Is the Limited FHA 203k Different from the Streamline 203k?
FHA 203k Limited – How Is It Different from the Streamline 203k?
The Limited FHA 203k has arrived. In September of 2015 the staple of renovation financing – the Streamline 203k -got a facelift and was replaced by the new and improved Limited FHA 203k.
So, what changed with our favorite renovation loan and how will it affect Delaware borrowers looking to employ FHA 203k financing?
Many of the changes were semantic – updating disclosures, forms and worksheets – and will have little affect on how you obtain renovation financing or the scope of work you are allowed to employ.
That said, some changes to the FHA 203k program are significant and will make life easier on all renovation loan specialists and borrowers alike.
Significant Differences Between the Streamline and the Limited 203k
The emergence of the new Limited FHA 203k includes some guideline changes that are both universal and geographically important for potential buyers looking to use FHA 203k financing.
So, what changed and what do we mean by “geographically important”?
For example, the old Streamline 203k did not allow any pool repairs. The new Limited 203k has very few restrictions on pool repairs. While that might not be important for Delaware borrowers, it’s huge for Florida and other sunshine states scattered throughout the Southeast, Mid-west and West Coast areas of the US.
One of the biggest changes – outside the removal of burdensome restrictions on pool repairs – is with the 203k appraisal process.
The streamline 203k did not require – or even want – an “AS-IS” value attached to the property and appraisal report. “After Repair Value” (ARV) was all that mattered. The new limited 203k requires both “AS-IS” and “ARV” on every 203k purchase.
This is important to note too. Overpaying on the purchase price – offering to buy the home at more than its current market value – can hit your pocketbook hard.
If a home is currently worth $300,000 in its “as-is” condition and you offer the seller a sweet $320,000 to buy the home, you will be required to cover the difference as part of your down payment.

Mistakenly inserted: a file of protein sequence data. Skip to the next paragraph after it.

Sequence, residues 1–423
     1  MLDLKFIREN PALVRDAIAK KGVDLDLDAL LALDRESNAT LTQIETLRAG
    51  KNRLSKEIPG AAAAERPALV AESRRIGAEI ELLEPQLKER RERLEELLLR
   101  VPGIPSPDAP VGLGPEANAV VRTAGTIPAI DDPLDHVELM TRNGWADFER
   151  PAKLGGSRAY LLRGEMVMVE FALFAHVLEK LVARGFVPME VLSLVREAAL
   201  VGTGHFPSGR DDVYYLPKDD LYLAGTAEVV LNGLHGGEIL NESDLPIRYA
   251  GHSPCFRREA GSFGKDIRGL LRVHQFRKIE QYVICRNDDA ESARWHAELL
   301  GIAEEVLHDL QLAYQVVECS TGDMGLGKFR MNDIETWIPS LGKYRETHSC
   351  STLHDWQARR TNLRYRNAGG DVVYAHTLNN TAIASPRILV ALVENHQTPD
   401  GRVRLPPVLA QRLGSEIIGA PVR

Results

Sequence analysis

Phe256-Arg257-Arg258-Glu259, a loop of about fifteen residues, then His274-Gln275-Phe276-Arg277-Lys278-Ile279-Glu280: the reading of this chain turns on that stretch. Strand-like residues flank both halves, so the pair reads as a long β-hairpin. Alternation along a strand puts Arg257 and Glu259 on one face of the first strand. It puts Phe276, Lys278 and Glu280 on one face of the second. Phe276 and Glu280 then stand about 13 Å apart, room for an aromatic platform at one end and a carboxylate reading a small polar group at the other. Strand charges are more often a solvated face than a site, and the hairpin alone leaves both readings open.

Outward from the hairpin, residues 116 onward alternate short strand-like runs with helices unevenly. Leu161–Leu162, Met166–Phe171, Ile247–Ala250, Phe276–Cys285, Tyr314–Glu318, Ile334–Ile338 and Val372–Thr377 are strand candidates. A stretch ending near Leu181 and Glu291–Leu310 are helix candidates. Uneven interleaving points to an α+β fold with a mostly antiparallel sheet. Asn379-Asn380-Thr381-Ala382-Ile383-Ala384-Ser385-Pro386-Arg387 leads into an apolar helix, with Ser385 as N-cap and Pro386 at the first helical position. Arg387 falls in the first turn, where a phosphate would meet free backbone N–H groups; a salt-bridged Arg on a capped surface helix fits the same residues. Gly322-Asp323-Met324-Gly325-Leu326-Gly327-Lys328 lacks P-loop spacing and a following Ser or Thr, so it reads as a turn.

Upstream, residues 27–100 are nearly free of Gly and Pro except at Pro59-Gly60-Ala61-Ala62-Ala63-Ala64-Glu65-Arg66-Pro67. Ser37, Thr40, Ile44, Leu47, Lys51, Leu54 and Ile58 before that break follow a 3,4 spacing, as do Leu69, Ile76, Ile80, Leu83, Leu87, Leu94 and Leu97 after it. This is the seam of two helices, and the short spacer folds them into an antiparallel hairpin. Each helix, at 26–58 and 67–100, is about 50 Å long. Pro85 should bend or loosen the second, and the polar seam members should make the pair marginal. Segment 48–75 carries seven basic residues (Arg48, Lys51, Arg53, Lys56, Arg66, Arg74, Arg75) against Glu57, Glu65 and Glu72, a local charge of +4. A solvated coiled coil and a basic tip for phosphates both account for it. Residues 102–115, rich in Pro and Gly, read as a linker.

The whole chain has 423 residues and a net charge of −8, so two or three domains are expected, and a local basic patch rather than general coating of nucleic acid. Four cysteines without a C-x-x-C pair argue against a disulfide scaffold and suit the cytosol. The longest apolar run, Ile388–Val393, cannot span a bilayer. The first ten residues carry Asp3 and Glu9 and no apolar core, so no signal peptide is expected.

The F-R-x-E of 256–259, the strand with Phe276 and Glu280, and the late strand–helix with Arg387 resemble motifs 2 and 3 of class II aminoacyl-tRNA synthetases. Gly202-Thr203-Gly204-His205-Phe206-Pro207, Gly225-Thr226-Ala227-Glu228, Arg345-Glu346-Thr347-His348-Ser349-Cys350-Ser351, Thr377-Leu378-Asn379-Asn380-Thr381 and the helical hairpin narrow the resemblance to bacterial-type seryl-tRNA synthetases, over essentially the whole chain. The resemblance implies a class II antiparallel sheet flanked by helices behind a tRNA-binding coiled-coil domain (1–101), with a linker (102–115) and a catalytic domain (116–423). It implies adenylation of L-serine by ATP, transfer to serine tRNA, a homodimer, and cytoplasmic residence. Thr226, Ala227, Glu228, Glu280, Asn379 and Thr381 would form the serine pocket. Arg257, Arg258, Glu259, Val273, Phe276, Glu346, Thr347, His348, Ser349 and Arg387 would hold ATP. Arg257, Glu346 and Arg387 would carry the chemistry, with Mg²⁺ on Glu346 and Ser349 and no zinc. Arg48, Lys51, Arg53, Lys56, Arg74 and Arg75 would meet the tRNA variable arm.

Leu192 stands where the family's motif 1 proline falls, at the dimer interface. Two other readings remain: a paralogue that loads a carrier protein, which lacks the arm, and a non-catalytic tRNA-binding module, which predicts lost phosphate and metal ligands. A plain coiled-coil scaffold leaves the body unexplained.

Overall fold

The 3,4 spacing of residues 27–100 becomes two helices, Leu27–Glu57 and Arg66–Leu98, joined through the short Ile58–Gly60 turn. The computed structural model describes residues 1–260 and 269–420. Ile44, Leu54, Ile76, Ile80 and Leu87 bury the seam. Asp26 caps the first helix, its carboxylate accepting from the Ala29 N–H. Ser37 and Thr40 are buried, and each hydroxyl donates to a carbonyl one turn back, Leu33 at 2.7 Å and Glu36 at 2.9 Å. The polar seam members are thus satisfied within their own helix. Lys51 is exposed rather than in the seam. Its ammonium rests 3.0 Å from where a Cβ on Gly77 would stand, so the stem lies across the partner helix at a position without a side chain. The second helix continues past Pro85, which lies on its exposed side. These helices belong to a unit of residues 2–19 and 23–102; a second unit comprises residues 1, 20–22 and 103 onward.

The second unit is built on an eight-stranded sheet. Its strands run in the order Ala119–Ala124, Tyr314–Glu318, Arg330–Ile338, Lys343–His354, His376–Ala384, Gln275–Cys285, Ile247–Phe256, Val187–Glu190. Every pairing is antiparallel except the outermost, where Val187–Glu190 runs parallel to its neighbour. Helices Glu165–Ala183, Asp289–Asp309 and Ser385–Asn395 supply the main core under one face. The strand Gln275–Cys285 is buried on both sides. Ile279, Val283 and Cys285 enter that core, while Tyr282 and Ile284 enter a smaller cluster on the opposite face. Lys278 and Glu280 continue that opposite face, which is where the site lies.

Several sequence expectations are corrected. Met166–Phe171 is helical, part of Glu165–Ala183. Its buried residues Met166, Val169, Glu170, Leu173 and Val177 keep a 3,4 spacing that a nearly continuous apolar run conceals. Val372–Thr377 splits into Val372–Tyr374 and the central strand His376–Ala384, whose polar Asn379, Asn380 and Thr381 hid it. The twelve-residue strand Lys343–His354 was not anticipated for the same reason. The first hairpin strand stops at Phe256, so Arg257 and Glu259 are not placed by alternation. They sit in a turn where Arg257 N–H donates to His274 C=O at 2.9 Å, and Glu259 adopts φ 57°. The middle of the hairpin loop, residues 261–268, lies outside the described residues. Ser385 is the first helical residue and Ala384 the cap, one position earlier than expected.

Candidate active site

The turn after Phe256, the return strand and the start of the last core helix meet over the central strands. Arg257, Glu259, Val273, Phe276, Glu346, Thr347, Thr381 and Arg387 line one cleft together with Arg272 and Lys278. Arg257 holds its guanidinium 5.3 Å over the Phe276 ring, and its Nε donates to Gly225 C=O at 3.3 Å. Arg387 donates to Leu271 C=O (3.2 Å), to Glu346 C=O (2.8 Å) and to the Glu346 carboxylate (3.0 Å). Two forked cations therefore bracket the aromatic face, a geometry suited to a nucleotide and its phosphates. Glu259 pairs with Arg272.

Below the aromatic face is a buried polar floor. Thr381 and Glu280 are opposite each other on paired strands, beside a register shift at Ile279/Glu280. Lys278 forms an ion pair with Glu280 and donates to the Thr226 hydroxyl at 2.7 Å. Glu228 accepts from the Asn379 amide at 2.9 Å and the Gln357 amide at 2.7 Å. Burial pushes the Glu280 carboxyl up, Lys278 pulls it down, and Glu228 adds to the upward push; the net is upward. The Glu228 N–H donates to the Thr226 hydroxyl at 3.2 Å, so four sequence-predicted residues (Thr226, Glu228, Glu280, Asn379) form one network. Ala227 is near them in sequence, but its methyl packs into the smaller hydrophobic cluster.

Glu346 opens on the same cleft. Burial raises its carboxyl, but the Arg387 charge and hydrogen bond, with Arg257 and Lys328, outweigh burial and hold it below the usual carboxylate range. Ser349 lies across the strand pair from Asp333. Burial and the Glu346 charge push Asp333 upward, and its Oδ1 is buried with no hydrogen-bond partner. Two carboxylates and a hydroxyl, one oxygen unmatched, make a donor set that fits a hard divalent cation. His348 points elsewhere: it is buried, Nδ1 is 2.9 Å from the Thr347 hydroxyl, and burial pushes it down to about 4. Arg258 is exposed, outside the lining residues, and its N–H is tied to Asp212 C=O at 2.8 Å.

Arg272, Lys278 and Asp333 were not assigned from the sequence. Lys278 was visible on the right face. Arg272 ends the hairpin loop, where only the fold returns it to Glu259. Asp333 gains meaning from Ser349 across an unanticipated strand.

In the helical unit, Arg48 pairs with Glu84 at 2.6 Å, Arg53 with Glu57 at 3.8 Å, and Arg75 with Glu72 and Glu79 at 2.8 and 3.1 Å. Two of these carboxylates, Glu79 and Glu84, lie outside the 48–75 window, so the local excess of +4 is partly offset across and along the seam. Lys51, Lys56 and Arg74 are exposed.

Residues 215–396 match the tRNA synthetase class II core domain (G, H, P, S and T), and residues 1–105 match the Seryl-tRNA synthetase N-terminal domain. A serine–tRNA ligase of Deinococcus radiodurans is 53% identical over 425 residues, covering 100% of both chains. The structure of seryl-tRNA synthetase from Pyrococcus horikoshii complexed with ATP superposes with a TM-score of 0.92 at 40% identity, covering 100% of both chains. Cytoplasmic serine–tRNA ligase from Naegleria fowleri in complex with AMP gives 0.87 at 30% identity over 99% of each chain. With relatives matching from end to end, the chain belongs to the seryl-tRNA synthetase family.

That additional $20,000 over the current value is not chump change for FHA buyers who are generally looking to take advantage of the low 3.5 percent down payment that nearly all FHA Loans offers.
HUD does not want you to overpay for a home despite the fact that the after-repair value may be sufficient to support your renovations.
Part of the reason is to mitigate risk involved with the entire project going south and, no doubt, part of the new guidelines are for fraud prevention purposes. The first reason should be of little concern since we’re going to employ our expertise to help you properly vet any contractors you wish to put to work on your renovation project.
The latter reasoning is simply HUD watching its back and should be understandable and reasonable for buyers pursuing FHA 203k financing.
On a 203k refinance the appraised value needs only the “after-repair value” which is similar to the old Streamline 203k guidelines with some added clarity. In the past there was some disagreement on the appropriate way to value a home on a renovation refinance. Hopefully, the confusion is mitigated going forward.
What Stayed the Same on the Limited FHA 203k?
Quite a lot actually. For the most part the allowed renovations are the same. You can still tackle the following:
FHA 203k Streamline Eligible Repairs
- Windows & Doors
- Roofs, Fascia & Soffits
- HVAC & AC Systems
- Kitchen Renovation
- Bathroom Upgrades
- Decks, Patios & Porches
- Handicap Accessibility
- Well & Septic Systems
- Electrical Upgrades
- Energy Efficient Improvements
- Interior & Exterior Paint
- and more…
Still not sure what renovation mortgage is right for you? Getting conflicting information from another renovation lender? Whatever issue you are experiencing – whether it be regarding the limited FHA 203k, the standard 203k or any other renovation product – we can likely help. Call 302-703-0727 to speak to a FHA 203k Loan Expert.